Take Small Bites and Chew Well [Air Force Software Blunder Part 2]
Test and Monitor | Posted December 21, 2012

I'm still pondering the disappointing news last week from the Air Force about its decision to abandon the Expeditionary Combat Support System (ECSS), which was an end-to-end complete logistics system that would have replaced multiple legacy systems that have been in place for decades. If you look at the very premise of having a multi-year software project, warning flags should pop up immediately.

The software industry has been dynamic since its inception, but in the last few years it has moved into warp speed and even the most Agile teams building the lightest weight software are having trouble keeping up. If you take six years to build your replacement system, it’s already obsolete on your launch date.

Even back in the 80’s when I worked on one of the legacy systems ECSS was intended to replace, we weren’t trying to release the whole system all at once. We decided to focus on being able to generate a Crash Report because we knew that would be the most significant proof to the organization that there was value in what we were doing. But don’t let that fool you – you can’t build a report without first understanding what the user needs in that report. Then you have to figure out the data elements you have to gather in order to build that report, which forces you to design the data structure and input for all of those elements. One report can lead you pretty far back in your dependency tree if you're building a system from scratch.

So what am I saying? Well, I’ve been part of large system re-designs multiple times in my career. When you look at the forest, it makes you gulp for air. But if you concentrate on one tree and decide to just replace that one tree, it’s easier to walk the dependencies to see where you start. That’s the whole idea behind software iterations – take it one step at a time.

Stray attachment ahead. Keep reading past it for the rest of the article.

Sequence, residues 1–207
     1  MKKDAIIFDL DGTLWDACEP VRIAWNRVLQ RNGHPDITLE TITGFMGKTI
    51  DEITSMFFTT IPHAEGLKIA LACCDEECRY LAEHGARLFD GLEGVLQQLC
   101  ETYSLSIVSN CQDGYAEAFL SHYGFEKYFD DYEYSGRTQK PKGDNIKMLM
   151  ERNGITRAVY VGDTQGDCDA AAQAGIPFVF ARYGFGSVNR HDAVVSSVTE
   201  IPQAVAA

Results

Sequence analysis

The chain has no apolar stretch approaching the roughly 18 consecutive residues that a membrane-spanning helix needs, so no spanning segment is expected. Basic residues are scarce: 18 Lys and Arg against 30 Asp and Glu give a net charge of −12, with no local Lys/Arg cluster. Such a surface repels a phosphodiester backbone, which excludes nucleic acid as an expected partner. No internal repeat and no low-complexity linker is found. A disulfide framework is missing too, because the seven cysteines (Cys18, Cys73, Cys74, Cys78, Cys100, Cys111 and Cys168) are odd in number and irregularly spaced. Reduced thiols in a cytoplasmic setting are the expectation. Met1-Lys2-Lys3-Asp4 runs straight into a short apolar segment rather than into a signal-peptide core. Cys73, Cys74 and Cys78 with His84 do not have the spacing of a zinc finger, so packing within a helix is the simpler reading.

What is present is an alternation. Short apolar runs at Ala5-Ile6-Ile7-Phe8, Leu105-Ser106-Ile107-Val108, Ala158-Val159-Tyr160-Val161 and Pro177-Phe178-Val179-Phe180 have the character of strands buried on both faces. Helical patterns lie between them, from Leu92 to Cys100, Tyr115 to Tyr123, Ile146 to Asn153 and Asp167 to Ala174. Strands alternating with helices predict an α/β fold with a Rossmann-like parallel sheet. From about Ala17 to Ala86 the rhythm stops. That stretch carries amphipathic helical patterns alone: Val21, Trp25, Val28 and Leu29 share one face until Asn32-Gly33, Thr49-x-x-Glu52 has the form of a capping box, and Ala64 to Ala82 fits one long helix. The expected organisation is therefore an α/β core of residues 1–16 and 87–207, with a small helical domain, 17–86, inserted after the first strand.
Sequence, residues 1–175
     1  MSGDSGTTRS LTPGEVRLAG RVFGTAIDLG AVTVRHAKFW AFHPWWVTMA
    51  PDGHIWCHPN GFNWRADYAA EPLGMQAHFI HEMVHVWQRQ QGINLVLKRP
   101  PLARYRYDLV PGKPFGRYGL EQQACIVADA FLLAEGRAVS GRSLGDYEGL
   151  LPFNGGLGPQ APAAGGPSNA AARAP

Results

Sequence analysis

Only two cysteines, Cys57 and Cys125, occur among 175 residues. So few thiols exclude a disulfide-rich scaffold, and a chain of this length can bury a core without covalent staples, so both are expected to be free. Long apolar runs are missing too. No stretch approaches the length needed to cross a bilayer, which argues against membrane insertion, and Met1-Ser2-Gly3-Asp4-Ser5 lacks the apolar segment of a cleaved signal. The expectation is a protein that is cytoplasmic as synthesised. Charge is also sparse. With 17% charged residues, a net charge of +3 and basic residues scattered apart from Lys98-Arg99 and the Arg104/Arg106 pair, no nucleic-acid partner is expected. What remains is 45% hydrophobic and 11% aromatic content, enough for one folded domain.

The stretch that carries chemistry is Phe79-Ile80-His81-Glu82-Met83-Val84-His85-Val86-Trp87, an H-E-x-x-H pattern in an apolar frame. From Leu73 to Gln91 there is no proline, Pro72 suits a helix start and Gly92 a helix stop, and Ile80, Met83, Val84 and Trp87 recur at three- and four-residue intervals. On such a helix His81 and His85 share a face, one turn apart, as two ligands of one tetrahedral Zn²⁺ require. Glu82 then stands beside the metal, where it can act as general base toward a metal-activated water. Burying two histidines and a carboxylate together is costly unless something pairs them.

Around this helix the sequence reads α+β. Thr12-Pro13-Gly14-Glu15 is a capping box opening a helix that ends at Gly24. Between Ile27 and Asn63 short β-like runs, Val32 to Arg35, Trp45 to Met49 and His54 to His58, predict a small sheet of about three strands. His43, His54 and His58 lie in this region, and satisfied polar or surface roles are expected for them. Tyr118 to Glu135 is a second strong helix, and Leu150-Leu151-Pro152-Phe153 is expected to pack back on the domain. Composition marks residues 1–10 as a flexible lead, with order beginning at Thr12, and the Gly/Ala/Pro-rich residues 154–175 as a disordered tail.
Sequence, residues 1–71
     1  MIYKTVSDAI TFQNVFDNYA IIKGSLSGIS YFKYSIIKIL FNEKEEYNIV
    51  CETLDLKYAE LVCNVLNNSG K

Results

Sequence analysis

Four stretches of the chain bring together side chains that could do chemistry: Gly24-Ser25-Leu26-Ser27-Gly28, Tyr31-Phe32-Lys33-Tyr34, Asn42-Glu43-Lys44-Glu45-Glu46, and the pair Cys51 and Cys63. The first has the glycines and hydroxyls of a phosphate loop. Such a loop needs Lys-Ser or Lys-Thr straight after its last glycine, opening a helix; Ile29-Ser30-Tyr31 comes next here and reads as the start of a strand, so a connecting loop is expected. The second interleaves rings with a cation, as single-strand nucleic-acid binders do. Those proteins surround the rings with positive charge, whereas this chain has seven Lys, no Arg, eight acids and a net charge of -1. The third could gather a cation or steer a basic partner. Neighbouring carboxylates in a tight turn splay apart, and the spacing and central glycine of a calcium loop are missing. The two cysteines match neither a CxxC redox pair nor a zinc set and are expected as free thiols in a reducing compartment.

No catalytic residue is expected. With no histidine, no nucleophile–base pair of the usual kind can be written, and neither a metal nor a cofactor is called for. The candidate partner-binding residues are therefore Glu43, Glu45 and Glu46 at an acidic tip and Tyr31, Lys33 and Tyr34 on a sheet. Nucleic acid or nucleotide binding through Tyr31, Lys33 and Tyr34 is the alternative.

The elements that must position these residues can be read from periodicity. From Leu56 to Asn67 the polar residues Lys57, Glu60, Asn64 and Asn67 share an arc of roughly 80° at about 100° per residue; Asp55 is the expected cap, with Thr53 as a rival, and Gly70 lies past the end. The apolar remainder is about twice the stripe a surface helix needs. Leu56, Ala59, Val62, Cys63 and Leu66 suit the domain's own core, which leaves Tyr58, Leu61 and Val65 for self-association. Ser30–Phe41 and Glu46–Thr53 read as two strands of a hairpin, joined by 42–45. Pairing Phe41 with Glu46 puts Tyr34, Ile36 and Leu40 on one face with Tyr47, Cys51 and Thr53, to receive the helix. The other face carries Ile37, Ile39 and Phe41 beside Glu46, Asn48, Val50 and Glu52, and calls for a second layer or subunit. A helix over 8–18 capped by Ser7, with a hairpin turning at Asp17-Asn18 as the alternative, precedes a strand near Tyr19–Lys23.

Step 1: Get the Foundation Right

For example, if the lowest ground is being able to enter your inventory items, then create all the necessary user stories for that piece. Make sure you architect the tables and interfaces in as flexible a manner as possible so you can start to use the system at the same time you are extending it for the next set of functionality. Then build those tables and interfaces with the right data mapping for the legacy system so you can run both side by side for as long as you need to.

Step 2: Make It Easy to Add To

APIs have to be a critical part of your design from the beginning. At SmartBear, we like to think of software in terms of Legos and it’s the perfect analogy for this type of endeavor. Usually when you build with Legos, you know what your end result is intended to be. But you can’t build everything at once – you start with the foundation and add from there. In that analogy, think of the little sticky-outy things on the Legos as APIs. They are the connectors that hold the whole thing together, and as long as you can match up the components to each other via APIs, you can keep adding to your Lego structure without too much disruption.

Step 3: Make Someone Happy

Okay, not just one someone… but pick a user base to focus on. To follow the thread here, if you're replacing the inventory item entry system first, then your first target audience should be the folks entering new items into the system. One common user base with one common function – if you can focus on their needs and make sure you get it right, you can move on to the next module without giving up time, resources, and budget to too many features at one time. Yes, the rest of the users have to use the legacy system for everything else, but as long as you have secured the data and its mapped interfaces, you should be able to build the next set of inventory management features on top of that structure in the same manner.

Use smaller iterations and take smaller bitesIt’s Not Rocket Science

Mom always told you to take smaller bites and chew your food well (36 times, right?), and we all know you should listen to Mom. Sometimes this kind of development process can be hard to sell at the top because it doesn’t get sexy or interesting until the last stages of the project. It may still take six years to replace the legacy system in the end, but at least you'll be able to do it. And you will have enough chances to iterate over your design so you are making use of the latest technology advances. 

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